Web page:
Back in mid-2001, Jason Zweig, now a finance columnist for The Wall Street Journal, penned an article that could provide the secret to unlocking some quick gains for speculative investors. Zweig focused on the fury of buying and selling that surrounds a company's inclusion in the S&P 500 index.

I'll get to the stocks that are set to pop and why in a minute, but first, here's what Zweig wrote more than 10 years ago:

By the end of the first day a stock is included in the S&P 500, roughly 8% of its shares disappear into the portfolios of index funds, where they remain indefinitely...Meanwhile, the shares that the committee deletes from the index drop that day like ducks shot out of the sky.

In short, getting in on a stock before it becomes part of the S&P 500 index can provide a big short-term boost!

The S&P 500's newest member
This past Wednesday, S&P announced the company that would become its newest member: TripAdvisor (Nasdaq: TRIPV).

The company will be spun out of travel booking site Expedia (Nasdaq: EXPE). Frustrated with its slow growth relative to other travel peers like (Nasdaq: PCLN) and Travelzoo (Nasdaq: TZOO) -- which have both doubled in the past two years -- Expedia is jettisoning its fast-growing business in order to unlock the value that's going unrecognized.

In order to make room for TripAdvisor, S&P will be removing network gear specialist Tellabs (Nasdaq: TLAB) from the S&P 500. Tellabs has had a rough 2011, as it counts Clearwire (Nasdaq: CLWR) among one of its biggest customers. Clearwire itself has had an even worse year, despite recently having won an elaborate game of chicken with Sprint (NYSE: S) to get the mobile company to provide more capital toward building out its WiMAX network.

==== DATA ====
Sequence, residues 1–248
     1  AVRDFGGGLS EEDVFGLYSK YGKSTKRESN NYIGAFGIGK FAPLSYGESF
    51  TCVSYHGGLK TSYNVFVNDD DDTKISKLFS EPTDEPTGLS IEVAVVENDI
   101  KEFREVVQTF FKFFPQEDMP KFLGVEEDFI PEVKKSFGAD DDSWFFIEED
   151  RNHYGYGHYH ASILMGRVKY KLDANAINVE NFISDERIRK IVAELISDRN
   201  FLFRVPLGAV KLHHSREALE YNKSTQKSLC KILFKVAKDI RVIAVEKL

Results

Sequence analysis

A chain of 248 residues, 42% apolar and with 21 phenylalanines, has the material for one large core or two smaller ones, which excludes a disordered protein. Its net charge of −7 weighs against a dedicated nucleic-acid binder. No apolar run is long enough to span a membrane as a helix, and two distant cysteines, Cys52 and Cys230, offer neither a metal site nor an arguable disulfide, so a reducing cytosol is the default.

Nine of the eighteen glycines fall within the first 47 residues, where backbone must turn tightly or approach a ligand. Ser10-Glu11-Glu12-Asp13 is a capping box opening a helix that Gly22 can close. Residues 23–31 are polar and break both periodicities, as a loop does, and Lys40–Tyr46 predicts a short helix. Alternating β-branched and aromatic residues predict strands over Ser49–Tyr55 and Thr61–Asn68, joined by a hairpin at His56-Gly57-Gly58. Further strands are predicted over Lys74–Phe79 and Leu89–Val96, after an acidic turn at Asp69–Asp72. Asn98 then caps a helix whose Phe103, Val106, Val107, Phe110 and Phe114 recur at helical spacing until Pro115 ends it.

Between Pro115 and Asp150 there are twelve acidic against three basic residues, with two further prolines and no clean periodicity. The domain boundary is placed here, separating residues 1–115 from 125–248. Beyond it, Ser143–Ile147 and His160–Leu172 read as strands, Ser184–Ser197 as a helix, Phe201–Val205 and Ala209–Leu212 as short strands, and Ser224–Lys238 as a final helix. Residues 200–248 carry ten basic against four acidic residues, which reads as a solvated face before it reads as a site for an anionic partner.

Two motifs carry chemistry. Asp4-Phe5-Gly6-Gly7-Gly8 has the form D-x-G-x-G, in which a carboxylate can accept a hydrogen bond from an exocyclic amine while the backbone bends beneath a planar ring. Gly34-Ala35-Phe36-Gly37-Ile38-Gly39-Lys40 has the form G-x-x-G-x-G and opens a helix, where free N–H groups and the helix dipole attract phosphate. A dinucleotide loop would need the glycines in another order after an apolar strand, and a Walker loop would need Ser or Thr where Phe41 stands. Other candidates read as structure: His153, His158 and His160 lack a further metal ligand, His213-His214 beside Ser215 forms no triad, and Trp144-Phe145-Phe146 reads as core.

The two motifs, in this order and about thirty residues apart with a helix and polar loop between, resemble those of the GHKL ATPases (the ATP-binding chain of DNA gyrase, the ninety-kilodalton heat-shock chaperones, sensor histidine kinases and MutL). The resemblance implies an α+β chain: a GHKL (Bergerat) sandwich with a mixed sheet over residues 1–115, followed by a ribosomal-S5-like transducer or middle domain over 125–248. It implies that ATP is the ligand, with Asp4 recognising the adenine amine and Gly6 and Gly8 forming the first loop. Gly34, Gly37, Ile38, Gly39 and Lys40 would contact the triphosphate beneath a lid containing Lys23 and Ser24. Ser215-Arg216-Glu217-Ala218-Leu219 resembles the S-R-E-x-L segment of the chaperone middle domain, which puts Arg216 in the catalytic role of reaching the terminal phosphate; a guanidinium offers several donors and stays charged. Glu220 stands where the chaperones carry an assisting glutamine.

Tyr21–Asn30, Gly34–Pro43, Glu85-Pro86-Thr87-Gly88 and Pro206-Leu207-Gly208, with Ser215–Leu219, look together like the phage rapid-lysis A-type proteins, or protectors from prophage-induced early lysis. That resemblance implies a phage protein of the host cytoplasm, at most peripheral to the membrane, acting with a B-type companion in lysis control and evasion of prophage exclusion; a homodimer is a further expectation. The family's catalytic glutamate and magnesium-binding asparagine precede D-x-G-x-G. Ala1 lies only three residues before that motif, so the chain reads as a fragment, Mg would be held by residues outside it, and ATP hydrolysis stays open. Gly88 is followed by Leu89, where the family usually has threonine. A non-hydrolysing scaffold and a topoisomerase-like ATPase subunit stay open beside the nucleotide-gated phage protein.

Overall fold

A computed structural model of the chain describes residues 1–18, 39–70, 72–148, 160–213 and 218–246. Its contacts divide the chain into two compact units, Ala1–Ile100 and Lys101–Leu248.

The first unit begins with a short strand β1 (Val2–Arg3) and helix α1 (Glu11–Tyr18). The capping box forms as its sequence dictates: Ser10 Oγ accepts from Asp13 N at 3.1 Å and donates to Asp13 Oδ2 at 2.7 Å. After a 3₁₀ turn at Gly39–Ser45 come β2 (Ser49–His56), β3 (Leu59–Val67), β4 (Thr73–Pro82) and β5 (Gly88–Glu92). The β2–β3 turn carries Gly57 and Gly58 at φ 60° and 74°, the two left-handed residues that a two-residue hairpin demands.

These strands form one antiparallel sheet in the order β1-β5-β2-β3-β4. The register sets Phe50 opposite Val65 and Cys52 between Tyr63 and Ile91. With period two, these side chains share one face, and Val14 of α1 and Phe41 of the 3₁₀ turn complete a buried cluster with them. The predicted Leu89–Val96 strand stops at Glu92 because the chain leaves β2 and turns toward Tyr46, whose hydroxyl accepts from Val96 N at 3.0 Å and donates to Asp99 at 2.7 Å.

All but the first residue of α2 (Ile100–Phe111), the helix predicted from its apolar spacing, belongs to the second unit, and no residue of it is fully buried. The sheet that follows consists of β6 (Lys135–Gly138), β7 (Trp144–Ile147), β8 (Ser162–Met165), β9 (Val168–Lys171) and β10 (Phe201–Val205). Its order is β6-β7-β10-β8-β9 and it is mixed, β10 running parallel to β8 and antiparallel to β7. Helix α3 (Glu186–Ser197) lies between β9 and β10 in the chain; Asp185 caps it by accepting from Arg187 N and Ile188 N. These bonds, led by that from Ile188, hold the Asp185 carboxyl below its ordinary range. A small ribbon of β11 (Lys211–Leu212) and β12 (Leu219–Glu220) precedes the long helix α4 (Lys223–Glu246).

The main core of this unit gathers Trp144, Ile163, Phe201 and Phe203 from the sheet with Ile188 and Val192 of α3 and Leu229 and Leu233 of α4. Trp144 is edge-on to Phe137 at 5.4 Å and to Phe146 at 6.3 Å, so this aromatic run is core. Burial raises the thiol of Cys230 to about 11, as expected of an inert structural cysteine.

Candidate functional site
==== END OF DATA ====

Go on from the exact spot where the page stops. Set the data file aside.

An easy decision, right?
Given this information, my suggestion should be crystal clear: TripAdvisor's a buy, Tellabs is a sell, right? Well, like so many things in the investing world, the devil is in the details.

While TripAdvisor's shares will likely get a very nice boost from institutional buyers and Tellabs will likely take a spill, the story doesn't end there. As Zweig went on to note in his 2001 article, what the S&P is really doing is buying high and selling low. Consider these statistics that were compiled for him by Philadelphia-based investment firm Aronson & Partners.


Year Leading up to Index Change

Year Following Index Change

Total 2-Year Performance

Stock Being Added




Stock Being Delisted




Difference (Percentage Points)




 Source: Money magazine.

In essence, the average stock is just peaking and running out of steam once it gets added to the index, while the stock getting booted is just bottoming out and getting ready for a positive run. Even when the first year is taken into consideration, it's the stock getting booted that outperforms its vanquisher by an astounding 16%!

So what should you do?
Just because these patterns have been established, it doesn't mean that TripAdvisor and Tellabs will follow the same script. For starters, TripAdvisor is a spinoff, rather than some rocket stock that's just finishing off a year of astounding performance.

And while things will likely improve for Tellabs as its major customers get back to building out its infrastructure, the business is still a very competitive one.

The real point I want to highlight is this: While stock market gurus may have found ways to profit from the day-to-day gyrations in the market due to special situations, I believe that for the average Foolish investor, making decisions based on long-term fundamentals remains the smartest way to grow your savings.

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